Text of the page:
Homeless advocates protest against decision to clear homeless camp

San Jose's largest homeless encampment is being cleared out and protesters rallied against the effort on Sunday.
San Jose's largest homeless encampment is being cleared out and protesters rallied against the effort on Sunday.

The encampment known as The Jungle is located just across the street from Happy Hollow Park and Zoo.

Nearly 200 people live in this area. Some homeless advocates say the cities plans to clean up the area will end up hurting the people who call this place home.

Robert Aguirre packs up his tent located at the rim of The Jungle.

"This is a notice that was served to me on my tent. It was served on Friday and we have to be out by 7 a.m. Monday, which is tomorrow," Aguirre said.

The notice also says trespassers will be subject to criminal prosecution.

"I have everything here. I don't have storage," one man said.

"This is home for us, you know? And as bad as it may look or what not, you know, this is home," Raoul Hernandez said.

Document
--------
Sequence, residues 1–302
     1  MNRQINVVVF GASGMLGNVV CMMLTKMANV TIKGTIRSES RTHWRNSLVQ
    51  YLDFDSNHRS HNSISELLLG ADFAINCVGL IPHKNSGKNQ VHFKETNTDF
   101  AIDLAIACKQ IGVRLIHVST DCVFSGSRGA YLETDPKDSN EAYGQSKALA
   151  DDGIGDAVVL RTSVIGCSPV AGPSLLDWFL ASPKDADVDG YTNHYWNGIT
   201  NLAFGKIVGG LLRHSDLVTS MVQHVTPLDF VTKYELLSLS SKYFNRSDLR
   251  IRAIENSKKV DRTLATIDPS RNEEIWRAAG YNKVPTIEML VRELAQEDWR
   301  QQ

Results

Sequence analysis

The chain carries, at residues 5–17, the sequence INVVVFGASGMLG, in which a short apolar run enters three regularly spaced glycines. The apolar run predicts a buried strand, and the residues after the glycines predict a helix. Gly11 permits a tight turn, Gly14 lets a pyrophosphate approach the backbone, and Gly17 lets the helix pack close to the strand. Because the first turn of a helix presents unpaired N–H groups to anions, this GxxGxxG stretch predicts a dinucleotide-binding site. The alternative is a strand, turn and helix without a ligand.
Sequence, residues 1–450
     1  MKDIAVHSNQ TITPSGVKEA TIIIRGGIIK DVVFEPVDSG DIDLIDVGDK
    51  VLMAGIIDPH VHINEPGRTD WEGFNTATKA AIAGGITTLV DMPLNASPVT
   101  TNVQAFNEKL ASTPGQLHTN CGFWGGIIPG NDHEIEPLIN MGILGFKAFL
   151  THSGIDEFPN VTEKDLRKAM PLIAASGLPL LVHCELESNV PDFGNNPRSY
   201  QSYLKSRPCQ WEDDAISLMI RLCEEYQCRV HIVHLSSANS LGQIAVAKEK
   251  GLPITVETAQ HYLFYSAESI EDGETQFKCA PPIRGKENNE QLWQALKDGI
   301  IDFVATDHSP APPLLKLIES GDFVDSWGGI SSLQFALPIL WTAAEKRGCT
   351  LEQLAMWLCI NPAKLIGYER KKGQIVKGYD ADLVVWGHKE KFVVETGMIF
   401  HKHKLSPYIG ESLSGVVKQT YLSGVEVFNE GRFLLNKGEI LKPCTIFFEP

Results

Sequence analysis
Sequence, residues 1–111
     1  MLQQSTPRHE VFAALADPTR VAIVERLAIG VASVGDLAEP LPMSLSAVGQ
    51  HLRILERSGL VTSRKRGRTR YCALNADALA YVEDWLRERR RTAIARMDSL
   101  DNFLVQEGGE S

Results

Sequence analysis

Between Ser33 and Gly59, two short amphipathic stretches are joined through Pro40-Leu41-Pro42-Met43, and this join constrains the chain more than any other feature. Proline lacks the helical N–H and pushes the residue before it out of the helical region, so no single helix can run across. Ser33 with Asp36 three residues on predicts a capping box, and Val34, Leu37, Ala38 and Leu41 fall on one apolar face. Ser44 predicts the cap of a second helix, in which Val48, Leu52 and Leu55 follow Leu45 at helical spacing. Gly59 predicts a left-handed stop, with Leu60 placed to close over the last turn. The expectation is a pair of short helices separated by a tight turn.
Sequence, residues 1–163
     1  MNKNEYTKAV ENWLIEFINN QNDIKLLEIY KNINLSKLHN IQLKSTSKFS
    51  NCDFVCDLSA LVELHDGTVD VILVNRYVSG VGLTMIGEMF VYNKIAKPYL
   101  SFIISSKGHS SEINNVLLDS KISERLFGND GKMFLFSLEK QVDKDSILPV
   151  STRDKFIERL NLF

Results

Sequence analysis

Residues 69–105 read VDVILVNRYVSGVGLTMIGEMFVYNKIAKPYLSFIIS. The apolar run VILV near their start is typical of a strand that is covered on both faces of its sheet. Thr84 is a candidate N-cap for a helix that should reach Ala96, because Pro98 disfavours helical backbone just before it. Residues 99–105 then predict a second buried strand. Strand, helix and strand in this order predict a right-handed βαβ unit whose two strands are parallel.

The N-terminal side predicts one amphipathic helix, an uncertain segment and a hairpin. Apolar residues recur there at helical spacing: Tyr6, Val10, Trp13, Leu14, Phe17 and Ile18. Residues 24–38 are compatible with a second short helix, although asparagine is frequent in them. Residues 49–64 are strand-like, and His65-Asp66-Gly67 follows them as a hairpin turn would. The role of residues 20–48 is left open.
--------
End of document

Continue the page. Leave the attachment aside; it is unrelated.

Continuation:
Ray Bramson, the city's homeless services manager, says only about 10 people will actually be affected.

The plan is to pick up garbage on the eastern bank of Coyote Creek .
The flyer though does not specify the area and some people who told ABC7 News they tried to call the number listed, but got no answer.

Still, homeless advocates rallied in the dirt lot off Story Road, where there are plans to put up a fence to prevent illegal dumping.

"They're lacking that human passion. They're lacking that human dignity," one man said.

Pastor Scott Wagers is concerned it will fence them out and prevent them from dropping off weekly food donations.

"The churches want to help the city but the city is going to make it impossible because the city's strategy, in my opinion, is to try to isolate the homeless," Wagers said.

But others like Sammy Castillo want the city to clean out The Jungle once and for all.

"You come around here at night and there's no lights. and you don't know what's in there," Castillo said.

He calls it a safety and health hazard.

The city will hold on to personal property like tents for up to 90 days so people can pick them up. Cleanup starts Monday at 7 a.m.
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